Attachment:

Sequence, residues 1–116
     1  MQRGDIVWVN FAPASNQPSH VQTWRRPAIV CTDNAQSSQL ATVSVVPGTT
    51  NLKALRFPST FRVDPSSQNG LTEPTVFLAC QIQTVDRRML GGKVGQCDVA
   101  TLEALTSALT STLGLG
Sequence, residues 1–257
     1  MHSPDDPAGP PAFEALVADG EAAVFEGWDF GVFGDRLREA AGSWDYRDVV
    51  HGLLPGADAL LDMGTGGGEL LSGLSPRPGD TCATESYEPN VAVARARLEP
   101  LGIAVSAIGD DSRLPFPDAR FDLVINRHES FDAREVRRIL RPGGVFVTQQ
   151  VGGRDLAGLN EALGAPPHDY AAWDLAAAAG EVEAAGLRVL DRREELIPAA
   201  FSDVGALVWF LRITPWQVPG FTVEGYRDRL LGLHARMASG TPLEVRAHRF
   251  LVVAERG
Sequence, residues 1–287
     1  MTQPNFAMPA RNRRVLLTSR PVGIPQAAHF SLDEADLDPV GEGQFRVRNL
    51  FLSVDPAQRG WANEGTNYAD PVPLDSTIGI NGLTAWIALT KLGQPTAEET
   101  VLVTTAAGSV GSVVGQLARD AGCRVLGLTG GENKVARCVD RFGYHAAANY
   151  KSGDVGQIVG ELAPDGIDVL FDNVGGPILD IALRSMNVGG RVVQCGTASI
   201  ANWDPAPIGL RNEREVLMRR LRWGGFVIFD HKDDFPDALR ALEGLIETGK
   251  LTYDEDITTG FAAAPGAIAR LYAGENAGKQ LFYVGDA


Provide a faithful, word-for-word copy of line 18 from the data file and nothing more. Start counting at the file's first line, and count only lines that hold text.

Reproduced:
   251  LTYDEDITTG FAAAPGAIAR LYAGENAGKQ LFYVGDA